A large number of academies hailed as improving the chances of disadvantaged youths are consistently failing to deliver, a damning report has claimed.
The revelation is the latest story to highlight the obstacles facing the country's poorest students, after it was shown this week those wishing to go to university would face an extra £10,000 in debt because of the scrapping of maintenance grants.
Other measures hitting the demographic include the exclusion of under 25s from George Osborne's so-called 'living wage', as well as young jobseekers having housing benefit removed.
Almost half of schools analysed by education and social mobility think tank, the Sutton Trust, in its report on Friday were discovered to be performing below the Government's new 'coasting' level.
Education Secretary Nicky Morgan recently re-defined the 'coasting' threshold to include those schools consistently failing to ensure 60% of their pupils achieve five good GCSEs, including English and Maths.
But this week's research suggests poor children are performing significantly below last year's mainstream schools average in a third of academy chains.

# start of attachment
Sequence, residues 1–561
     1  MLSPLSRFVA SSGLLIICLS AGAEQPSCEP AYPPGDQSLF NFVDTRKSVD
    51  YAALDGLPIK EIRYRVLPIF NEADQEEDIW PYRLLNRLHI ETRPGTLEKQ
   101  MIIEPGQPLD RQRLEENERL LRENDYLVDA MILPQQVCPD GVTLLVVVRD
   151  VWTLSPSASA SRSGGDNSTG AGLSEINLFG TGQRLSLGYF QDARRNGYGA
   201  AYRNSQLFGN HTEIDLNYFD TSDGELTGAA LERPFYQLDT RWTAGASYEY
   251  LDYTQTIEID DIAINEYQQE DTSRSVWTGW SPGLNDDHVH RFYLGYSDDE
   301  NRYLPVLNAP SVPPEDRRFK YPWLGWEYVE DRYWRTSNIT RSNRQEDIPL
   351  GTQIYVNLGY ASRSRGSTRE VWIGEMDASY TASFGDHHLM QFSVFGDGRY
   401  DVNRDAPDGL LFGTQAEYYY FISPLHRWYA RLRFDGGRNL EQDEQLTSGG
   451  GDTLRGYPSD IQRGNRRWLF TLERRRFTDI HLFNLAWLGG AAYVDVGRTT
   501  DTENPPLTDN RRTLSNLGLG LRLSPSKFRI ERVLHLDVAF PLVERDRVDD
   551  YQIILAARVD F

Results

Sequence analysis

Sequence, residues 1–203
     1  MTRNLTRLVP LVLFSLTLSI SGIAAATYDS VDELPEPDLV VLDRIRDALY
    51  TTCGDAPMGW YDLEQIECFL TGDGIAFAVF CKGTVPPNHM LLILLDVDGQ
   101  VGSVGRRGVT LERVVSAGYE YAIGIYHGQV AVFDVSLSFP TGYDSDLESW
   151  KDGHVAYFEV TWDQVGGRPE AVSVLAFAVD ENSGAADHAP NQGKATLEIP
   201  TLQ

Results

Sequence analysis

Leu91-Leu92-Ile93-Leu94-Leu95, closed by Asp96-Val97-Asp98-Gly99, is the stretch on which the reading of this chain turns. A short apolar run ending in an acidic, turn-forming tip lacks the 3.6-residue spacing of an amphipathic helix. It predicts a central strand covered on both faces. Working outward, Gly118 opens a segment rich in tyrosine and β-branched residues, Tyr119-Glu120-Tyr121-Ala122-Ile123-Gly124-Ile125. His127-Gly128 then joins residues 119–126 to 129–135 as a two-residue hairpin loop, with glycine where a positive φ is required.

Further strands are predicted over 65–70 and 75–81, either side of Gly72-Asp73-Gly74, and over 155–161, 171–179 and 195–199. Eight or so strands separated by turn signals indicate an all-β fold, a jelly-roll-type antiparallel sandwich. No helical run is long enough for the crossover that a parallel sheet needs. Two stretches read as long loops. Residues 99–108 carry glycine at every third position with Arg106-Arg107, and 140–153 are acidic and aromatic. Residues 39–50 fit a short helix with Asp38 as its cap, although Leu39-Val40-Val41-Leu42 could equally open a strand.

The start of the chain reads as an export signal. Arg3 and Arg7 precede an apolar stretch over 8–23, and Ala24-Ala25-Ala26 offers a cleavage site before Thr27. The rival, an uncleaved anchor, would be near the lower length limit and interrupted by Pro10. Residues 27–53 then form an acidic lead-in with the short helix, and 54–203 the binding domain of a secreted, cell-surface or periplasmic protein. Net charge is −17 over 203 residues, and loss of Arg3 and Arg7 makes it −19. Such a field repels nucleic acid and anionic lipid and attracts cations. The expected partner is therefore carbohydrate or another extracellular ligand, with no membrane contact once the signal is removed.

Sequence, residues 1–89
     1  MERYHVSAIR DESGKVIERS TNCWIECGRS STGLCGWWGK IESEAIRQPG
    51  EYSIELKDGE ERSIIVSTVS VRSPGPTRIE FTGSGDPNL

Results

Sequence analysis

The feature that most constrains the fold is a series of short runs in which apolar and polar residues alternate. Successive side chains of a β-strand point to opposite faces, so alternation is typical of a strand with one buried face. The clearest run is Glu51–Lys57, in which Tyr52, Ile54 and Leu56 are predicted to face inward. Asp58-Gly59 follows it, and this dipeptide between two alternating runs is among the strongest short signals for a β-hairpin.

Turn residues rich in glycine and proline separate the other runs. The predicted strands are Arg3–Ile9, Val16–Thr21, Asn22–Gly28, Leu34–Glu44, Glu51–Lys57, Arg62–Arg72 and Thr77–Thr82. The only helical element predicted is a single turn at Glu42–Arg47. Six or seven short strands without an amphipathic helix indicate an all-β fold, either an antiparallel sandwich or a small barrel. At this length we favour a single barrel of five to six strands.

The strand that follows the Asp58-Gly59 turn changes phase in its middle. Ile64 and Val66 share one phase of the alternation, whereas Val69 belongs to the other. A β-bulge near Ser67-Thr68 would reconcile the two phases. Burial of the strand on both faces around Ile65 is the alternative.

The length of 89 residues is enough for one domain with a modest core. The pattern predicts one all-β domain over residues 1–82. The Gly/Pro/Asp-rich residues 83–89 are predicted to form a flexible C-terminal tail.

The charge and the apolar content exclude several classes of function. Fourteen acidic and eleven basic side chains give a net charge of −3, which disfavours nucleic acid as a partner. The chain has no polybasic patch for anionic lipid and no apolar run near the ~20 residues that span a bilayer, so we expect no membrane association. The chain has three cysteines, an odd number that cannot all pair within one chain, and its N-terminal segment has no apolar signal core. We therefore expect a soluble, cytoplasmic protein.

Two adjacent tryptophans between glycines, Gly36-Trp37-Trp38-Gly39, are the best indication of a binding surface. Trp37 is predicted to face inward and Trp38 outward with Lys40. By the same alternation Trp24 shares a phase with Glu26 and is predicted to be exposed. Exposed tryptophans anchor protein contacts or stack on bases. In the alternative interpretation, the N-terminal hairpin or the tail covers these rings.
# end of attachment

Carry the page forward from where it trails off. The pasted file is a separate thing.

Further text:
The findings will marr the success of David Cameron's flagship education policy, which has been to drastically increase academy numbers and results attainment.
Commenting, Sutton Trust chairman Sir Peter Lampl said: "Many chain sponsors, despite several years in charge of their schools, continue to struggle to improve the outcomes of their most disadvantaged students."
He called on the Government to include a measure of attainment for disadvantaged pupils in its new criteria for coasting schools.
A Department for Education spokesman hit back at the criticism, saying: "It is wrong and misleading to try to classify coasting schools based on 2014 data alone. A coasting school can only be identified based on performance over three years, so we won't know until 2016 which schools they will be.
"The academies programme has transformed the lives of millions of pupils, particularly those from disadvantaged backgrounds, as this report shows. We are already working with many excellent academy sponsors and are recruiting more to pair with struggling schools so every child has access to the excellent education they deserve."
Tristram Hunt MP, Labour's shadow education secretary, rebutted: "David Cameron's first Education Bill of this parliament does not contain a single concrete measure for tackling under-performance in academy schools, despite the fact that more than half of all secondary schools are academies.
"The Tories think that the way to turn around under-performing schools is to simply turn them into academies and then walk away. They have no plan for those academies that are struggling, leaving them to fail or 'coast' and letting down the children who attend them."